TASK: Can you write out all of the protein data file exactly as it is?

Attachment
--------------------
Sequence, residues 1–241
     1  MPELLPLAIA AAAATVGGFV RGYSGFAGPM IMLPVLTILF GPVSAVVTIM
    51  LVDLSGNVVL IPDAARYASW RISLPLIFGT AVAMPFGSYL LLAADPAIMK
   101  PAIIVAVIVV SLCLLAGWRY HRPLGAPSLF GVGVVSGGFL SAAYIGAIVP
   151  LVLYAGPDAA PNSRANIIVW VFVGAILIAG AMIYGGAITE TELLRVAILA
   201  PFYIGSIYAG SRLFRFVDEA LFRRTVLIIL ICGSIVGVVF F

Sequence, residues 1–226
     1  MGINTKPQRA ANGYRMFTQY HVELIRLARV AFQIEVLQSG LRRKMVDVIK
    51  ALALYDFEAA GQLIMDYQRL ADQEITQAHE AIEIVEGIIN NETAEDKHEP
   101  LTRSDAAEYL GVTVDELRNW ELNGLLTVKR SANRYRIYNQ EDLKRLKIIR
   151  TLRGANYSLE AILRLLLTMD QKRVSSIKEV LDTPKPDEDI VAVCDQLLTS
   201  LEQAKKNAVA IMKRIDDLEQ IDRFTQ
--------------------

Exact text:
Sequence, residues 1–241
     1  MPELLPLAIA AAAATVGGFV RGYSGFAGPM IMLPVLTILF GPVSAVVTIM
    51  LVDLSGNVVL IPDAARYASW RISLPLIFGT AVAMPFGSYL LLAADPAIMK
   101  PAIIVAVIVV SLCLLAGWRY HRPLGAPSLF GVGVVSGGFL SAAYIGAIVP
   151  LVLYAGPDAA PNSRANIIVW VFVGAILIAG AMIYGGAITE TELLRVAILA
   201  PFYIGSIYAG SRLFRFVDEA LFRRTVLIIL ICGSIVGVVF F

Sequence, residues 1–226
     1  MGINTKPQRA ANGYRMFTQY HVELIRLARV AFQIEVLQSG LRRKMVDVIK
    51  ALALYDFEAA GQLIMDYQRL ADQEITQAHE AIEIVEGIIN NETAEDKHEP
   101  LTRSDAAEYL GVTVDELRNW ELNGLLTVKR SANRYRIYNQ EDLKRLKIIR
   151  TLRGANYSLE AILRLLLTMD QKRVSSIKEV LDTPKPDEDI VAVCDQLLTS
   201  LEQAKKNAVA IMKRIDDLEQ IDRFTQ